Updated: Apr 3
The Biden Administration announced that payments on federal student loans will resume on May 1, 2022.
The emergency forbearance which began in March of 2020 provided 42 million Americans holding student debt a pause from making payments or accruing interest while the country dealt with the Covid-19 pandemic.
The Student Debt Crisis Center found that 89% of full-time employed adults with outstanding student loans felt that they are not yet financially secure enough to resume making payments once the forbearance ends.
20% of borrowers also responded that they do not think that they are financially secure enough to keep current on their payments once the forbearance ends.
President Biden asked the Department of Justice and Department of Education to review his legal authority to clear student debt for all borrowers through an executive action, but there is no public indication when or if that will ever happen.
Because of this uncertainty, experts say that it is smart to prepare for when the forbearance ends. The following six suggestions will help you prepare.
Understand how the departure of Navient, Granite State, and FedLoan from the federal loan system will affect you. Several servicers announced their departure from the federal loan system in the second half of 2021. This change is estimated to affect more than 15 million borrowers. The Education Department announced stricter standards for federal loan servicers. These changes may encourage additional servicers to leave the federal student loan system and to look for an industry with fewer restrictions.
Keep your contact information with your loan servicer updated. Updates and notices will be sent in the coming weeks and months by your loan servicer regarding the expiration of the CARES Act, loan servicing transfers, new payment details, etc. These updates will also explain when your first payment is due, what your monthly payment is going to be, etc. Without current contact information on-file with your current or new servicer it will be impossible to receive these critical updates.
Update your loan servicer about the bank you are using for automatic payments. If you have arranged an automatic debit arrangement, it is likely that your loan servicer will ask you whether your payment information has changed. Even if they do not ask you first, take the initiative to ensure that it is up to date. If needed, contact your bank, and reauthorize your loan servicer on your account for automatic debit arrangements. If you have questions about your current servicer or repayment program, one of our case managers can help you obtain that information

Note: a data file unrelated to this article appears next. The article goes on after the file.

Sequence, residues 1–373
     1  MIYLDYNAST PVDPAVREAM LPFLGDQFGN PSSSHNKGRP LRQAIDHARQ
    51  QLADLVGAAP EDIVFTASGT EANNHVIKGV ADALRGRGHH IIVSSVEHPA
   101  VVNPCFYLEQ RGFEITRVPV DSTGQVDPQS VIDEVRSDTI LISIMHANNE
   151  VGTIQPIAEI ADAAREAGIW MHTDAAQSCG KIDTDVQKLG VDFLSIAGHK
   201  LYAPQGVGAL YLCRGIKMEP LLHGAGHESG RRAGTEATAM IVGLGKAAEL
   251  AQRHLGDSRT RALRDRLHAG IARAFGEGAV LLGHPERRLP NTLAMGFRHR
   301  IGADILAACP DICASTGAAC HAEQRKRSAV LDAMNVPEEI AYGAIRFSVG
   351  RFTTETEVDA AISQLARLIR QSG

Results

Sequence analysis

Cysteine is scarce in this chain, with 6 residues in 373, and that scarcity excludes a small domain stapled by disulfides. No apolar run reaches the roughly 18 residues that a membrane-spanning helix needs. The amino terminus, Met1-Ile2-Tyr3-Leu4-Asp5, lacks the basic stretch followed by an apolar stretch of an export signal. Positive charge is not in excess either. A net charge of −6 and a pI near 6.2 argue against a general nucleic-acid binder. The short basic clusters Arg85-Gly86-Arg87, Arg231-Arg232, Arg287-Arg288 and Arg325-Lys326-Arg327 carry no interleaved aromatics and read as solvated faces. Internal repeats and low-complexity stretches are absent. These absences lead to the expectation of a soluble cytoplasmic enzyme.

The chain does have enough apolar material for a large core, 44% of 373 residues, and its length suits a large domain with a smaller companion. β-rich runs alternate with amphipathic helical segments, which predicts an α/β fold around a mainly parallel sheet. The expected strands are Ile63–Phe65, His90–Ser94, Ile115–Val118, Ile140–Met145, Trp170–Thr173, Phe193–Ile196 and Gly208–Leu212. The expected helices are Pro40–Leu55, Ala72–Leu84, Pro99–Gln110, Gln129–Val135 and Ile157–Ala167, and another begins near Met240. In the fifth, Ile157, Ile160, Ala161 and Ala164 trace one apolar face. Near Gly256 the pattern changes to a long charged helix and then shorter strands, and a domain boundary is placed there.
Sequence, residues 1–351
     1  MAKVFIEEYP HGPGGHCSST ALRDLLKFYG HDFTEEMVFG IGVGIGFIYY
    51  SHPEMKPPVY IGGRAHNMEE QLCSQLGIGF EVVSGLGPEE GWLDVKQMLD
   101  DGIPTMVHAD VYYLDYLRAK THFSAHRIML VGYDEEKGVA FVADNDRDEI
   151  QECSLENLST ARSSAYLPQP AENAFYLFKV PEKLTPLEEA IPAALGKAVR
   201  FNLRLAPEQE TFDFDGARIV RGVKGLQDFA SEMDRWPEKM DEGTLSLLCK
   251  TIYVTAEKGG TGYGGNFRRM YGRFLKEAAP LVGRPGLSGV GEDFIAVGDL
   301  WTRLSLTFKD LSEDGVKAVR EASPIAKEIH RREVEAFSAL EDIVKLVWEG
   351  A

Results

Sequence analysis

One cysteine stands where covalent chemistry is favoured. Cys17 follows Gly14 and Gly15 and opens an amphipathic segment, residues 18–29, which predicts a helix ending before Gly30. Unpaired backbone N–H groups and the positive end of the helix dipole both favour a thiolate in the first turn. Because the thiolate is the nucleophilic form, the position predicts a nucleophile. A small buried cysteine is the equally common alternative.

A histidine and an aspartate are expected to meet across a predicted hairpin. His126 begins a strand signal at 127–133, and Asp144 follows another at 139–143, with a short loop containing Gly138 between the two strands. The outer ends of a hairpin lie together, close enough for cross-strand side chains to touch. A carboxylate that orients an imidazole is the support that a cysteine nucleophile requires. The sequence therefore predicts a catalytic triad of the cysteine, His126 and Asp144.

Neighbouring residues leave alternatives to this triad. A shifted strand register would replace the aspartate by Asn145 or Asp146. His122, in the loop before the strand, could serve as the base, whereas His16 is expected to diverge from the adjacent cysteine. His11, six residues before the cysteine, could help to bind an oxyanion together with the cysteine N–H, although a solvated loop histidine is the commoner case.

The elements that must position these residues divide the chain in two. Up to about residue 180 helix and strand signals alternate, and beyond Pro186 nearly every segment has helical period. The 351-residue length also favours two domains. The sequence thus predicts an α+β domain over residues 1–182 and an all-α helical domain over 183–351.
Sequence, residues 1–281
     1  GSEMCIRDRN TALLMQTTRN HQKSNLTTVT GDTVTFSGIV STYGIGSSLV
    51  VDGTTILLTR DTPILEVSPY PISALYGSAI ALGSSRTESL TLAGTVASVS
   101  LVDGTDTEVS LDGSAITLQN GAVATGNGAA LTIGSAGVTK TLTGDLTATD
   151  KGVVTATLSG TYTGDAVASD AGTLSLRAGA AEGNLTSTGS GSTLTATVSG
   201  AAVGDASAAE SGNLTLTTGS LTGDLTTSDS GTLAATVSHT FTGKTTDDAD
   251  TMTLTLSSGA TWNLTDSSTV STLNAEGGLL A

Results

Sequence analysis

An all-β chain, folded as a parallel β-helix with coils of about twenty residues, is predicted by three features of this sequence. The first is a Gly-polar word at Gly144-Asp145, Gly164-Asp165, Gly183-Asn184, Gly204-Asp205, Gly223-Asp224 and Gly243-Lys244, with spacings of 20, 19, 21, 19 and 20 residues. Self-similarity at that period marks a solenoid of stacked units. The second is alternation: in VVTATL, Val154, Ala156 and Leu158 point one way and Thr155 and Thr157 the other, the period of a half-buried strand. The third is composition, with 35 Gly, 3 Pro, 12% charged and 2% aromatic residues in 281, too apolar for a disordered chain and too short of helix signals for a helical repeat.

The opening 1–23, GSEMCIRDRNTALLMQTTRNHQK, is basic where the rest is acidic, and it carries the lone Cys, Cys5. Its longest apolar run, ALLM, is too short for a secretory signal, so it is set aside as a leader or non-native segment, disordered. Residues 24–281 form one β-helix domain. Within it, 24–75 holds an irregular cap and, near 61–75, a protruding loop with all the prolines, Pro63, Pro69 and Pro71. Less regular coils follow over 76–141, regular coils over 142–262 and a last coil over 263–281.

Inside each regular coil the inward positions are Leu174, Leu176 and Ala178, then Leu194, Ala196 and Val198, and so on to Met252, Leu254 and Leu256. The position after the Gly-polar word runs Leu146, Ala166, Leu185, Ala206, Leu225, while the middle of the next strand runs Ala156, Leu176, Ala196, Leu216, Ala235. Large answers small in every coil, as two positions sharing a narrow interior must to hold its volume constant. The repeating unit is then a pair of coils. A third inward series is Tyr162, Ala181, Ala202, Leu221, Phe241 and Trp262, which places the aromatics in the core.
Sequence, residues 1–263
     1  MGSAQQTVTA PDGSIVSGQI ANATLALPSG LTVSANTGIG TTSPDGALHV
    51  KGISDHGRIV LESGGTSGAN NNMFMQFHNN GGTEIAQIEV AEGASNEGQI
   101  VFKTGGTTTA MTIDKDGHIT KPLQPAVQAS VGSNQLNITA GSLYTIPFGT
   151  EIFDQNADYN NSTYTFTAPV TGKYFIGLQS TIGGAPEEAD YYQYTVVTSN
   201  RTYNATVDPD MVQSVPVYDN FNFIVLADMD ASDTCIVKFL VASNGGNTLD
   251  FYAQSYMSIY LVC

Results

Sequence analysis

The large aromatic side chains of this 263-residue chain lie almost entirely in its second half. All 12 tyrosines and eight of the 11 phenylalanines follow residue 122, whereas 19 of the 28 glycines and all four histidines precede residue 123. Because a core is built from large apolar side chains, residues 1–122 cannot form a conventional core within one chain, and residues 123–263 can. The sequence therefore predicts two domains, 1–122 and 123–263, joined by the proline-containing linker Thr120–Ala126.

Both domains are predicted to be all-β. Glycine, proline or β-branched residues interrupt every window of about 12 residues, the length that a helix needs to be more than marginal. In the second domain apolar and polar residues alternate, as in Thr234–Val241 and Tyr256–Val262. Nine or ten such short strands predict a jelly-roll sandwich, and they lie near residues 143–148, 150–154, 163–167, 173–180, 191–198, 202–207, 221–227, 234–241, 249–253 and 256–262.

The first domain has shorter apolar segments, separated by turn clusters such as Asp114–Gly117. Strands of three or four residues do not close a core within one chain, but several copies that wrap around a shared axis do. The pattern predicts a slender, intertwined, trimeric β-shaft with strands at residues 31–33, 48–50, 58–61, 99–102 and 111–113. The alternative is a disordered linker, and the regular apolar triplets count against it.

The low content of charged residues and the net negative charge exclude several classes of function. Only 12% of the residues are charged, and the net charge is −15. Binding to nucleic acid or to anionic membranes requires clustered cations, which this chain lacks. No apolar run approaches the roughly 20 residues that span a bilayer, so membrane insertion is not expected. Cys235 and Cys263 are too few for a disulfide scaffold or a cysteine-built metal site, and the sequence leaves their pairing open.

Monitor your payments on a spreadsheet. Include balances, interest rates, and due dates. This will help you track your payments. While in forbearance, keep a part of your income as if you are still paying for your student debt. This way, it will provide you with a smooth transition once the payment for your student loan resumes. With the money that you can save, you may consider making a lump-sum payment to your servicer before the interest-free period expires or you may keep the cash you saved as an emergency fund. TitanPrep offers a client portal and data storage services that are specifically designed to hold your complete portfolio required to successfully apply for discharge at the end of your program.
If financially capable, continue making payments. Because of the CARES Act, the interest rate on federal loans is set at 0 percent, so any payments you make at this time of forbearance will apply directly toward the principal balance instead of interest charges. If you make payments prior to the resumption of the payment for student loans, you can reduce the interest that will accrue from your student loan afterwards.
Check if you are eligible for student loan forgiveness. Usually, forgiveness is linked with making payments for a set number of years or with working for a certain kind of employer or working in a public service job. One such program is Public Service Loan Forgiveness (PSLF). This program forgives the remaining balance on certain federal loans after a borrower makes 120 on-time payments towards a qualified income-driven repayment plan. There are also other programs for student loan forgiveness for which you may be eligible to apply.
With the possibility of Biden,Congress or the Department of Education totally forgiving all student loan debt appearing to be unlikely, borrowers need to prepare and plan for student loan payments to resume soon. The steps listed above will help you be in control and ready whether total discharge occurs or not.